Page images
PDF
EPUB
[merged small][merged small][merged small][merged small][ocr errors][merged small][merged small][merged small][merged small][merged small]

JUNE 8.-The season commenced on this evening with Guilty or not Guilty, and Love laughs at Locksmiths. We last month noticed the principal alterations in the state of the company. A Mr. CLIFFORD, we believe from the Richmond theatre, performed the character of Lord Rigid in the comedy, and Mrs. Pitt, from the Margate stage, that of Miss Pointer. We cannot very highly compliment either of these performers. The lady's person is not well calculated for the sentimental heroines; and the formal dignity of the nobleman sat but indifferently on Mr. Clifford, who may nevertheless be of use to the theatre, in subordinate characters of another description.

H-VOL, XX.

10.-Mountaineers.-Village Lawyer.-Mr. CAMPBELL, a gentleman whom we recollect to have seen at Covent-Garden ; who afterwards played Charles Surface at Drury-Lane, and who has since held very respectable situations on several provincial stages, performed Bulcazin Muley, with some claim to approbation. In a character so uniformly tempestuous, it is not easy to avoid the fault of ranting. There is a defect, however, in Mr. Campbell's acting which we fear is habitual to him, a sort of drawl, with too open a pronunciation of the vowels, which give an unpleasing tediousness to his delivery. To use a military phrase, his words hang fire; he seems unwilling to part with thein. He speaks, however, very sensibly, and his personal appearance is much in his favour. The little Tyrer was much applauded on her appearance in Agnes. In the Village Lawyer Mr. Liston, from the Newcastle company, made his debât in Sheepface. After Emery, we believe, Mr. Liston will find no competitor in the line of character he has chosen. This is very high praise considering Emery's great excellence. Mr. Liston's is a quiet style of acting, yet sufficiently effective. He has brought with him no provincial extravagances, and fairly gains the applause which is bestowed on him. We do not mean to say his acting is purely natural, for no acting can be so; the stage requires aids which nature perhaps would refuse to acknowledge: but we may safely say that Mr. Liston never wantonly deviates from her path. There is an archness and a simplicity in his Sheepface, which strongly recommend his performance, and we are not surprised that an engagement so immediately followed his first appearance. Mathews gives Scout, particularly the mock-mad scene, in a style of luxurious and irresistible humour, which we have not seen excelled. Mrs. Powell, late of Covent Garden, performed Mrs. Scout. This lady is a considerable addition to the respectability of the company, and is capable of doing great justice to the Heidelberg characters, &c, which maintain so important a station among the dramatis persona of English comedy and farce.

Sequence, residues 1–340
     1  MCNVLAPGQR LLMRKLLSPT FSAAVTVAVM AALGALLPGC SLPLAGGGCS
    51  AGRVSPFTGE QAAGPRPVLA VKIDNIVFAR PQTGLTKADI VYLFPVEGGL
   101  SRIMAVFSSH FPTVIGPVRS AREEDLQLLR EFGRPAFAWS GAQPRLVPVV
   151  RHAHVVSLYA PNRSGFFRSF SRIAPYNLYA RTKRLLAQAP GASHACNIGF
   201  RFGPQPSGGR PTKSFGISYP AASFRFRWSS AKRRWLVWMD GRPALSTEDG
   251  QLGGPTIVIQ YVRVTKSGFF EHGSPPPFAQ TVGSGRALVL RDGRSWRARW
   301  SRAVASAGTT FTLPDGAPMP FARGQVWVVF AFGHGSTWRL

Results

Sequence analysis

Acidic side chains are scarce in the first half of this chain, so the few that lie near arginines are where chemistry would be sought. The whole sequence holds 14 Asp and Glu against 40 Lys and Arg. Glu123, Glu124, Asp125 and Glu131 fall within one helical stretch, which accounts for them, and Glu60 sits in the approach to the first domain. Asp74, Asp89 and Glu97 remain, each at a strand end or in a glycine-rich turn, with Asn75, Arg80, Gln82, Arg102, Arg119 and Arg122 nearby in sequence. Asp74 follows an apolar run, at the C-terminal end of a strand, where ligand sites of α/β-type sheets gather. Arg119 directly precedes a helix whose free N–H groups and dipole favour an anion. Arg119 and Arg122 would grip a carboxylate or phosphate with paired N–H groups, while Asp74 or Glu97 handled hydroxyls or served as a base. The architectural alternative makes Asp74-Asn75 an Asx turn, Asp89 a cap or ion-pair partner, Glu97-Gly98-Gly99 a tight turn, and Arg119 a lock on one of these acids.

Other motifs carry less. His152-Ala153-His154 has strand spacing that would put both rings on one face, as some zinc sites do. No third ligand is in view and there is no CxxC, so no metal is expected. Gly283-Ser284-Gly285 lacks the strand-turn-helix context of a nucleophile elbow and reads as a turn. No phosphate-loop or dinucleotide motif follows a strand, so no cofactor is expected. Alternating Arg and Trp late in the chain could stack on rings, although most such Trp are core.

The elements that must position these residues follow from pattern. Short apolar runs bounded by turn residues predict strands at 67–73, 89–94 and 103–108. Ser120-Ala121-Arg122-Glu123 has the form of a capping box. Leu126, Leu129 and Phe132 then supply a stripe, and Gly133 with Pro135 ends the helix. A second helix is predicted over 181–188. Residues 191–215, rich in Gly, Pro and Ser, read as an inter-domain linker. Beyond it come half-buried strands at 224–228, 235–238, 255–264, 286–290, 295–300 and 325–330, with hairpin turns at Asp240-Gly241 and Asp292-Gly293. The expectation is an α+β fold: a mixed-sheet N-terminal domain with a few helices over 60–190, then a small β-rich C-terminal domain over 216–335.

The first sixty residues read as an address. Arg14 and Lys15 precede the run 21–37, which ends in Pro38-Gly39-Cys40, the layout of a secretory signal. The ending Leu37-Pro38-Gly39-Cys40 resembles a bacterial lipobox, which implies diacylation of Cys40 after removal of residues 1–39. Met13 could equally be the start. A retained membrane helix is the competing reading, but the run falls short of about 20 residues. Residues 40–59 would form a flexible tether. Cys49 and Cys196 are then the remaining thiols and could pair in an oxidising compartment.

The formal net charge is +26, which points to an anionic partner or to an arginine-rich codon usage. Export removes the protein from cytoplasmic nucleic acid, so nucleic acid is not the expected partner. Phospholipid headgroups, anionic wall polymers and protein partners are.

13.-Road to Ruin.-Jew and Doctor.--Mr. Dowton made his first bow on this stage in Old Dornton and Abednego. He was received with all the honours due to his rank and ability.

14.- Heir at Law.Agreeable Surprise. -Mr. Liston's second character was Zekiel Homespun, in which he did not appear to such high advantage as in Sheepface. The representative of Zekiel should have a more interesting person. We must do Mr. De Camp the justice to say that his performance of this character is, altogether, the best we have yet seen. Dowton's Panglos is not a lucky effort; but it is probably as good as any other exhibition of it, except Fawcett's, who, we think, in this part, must ever remain unrivalled. We notice the Agreeable Surprise only to remark how well Mrs. Mathews, who performed Laura, acquitted herself in the song.

18.- Review.~Mr. Winston, one of the proprietors, appeared in Caleb Quotem. He has taken Mr. Fawcett for his model, and imitation has seldom been more exact. He was very much applauded, particularly in the song.

19–Their MAJESTIes witnessed the performance of John Bull and Raise ing the Wind. We were much pleased with Dowton's Thornberry. Denman very much improves in Dennis Brulgruddery, and indeed in all his Irish characters.

22.--- Pour Gentleman.---Mr. Winston appeared in Ollapod, which he

played two seasons ago, for a benefit at Covent Garden. Though we may not think that Mr. Winston's pretensions are of the very first rate order, we are of opinion that on this occasion he did not meet with that liberality and forbearance which generally mark the conduct of a London audience. Liston was very whimsical and characteristic in Stephen Harrowby, and Dowton in the Baronet “ercellent i faith.A Mrs. Mara, from the Liverpool boards, made her appearance in Emily Worthington, and the audience seemed satisfied with her exertions. This lady has since played Helen, in the Iron Chest; Queen Margaret, in the Battle of Hexham; Cecilia, in the Chapter of Accidents, &c. &c.

28.---The Partners, a comedy by Mr. Hoare, was performed for the first and the last time, before the most clamorous, and we may add, the most uncandid audience ever collected before the dramatic curtain. The comedy was certainly not such in all respects as we had a right to expect from an author of such acknow. ledged talent and reputation as Mr. Hoare; but the audience, or rather certain parties among them, appeared ripe for mischief. Their cry was Havoc and let loose the dogs of wur,” and never was poor author yelped at, hunted down, and worried, by a more hungry and ferocious pack. We shall not enter particuJarly into the plot or merits of a piece that has been withdrawn by its author ; but from the good writing in much of the dialogue; the excellent acting of Elliston, especially in the scene with his partner, where his embarrassments and his pride operate in strong conflict; from the obvious ease with which the removal of seve. ral objectionable incidents and expressions might have been effected ; and from the recollection of the success, on a second night, of much inferior productions, we could have wished that the comedy of the Partners had been allowed a repetition.

3rd JULY.-Speed the Plough.---Mr. Liston's delineation of countrymen (so happy in the clowns) does not accord with the features of the honest, homely, Farmer Ashfield, who is rather an unique in modern comedy.

His performance does not exhibit a single trait of the Farmer. Emery is in the same predicament with this character, Neither should aspire beyond the louts,

18.—The Village, or the World's Epitome. A new comedy in three acts by Mr. Cherry, the representation of which we could not attend; but we understand it was considered by the audience an unfaithful Epitome of the world; and as such condemned.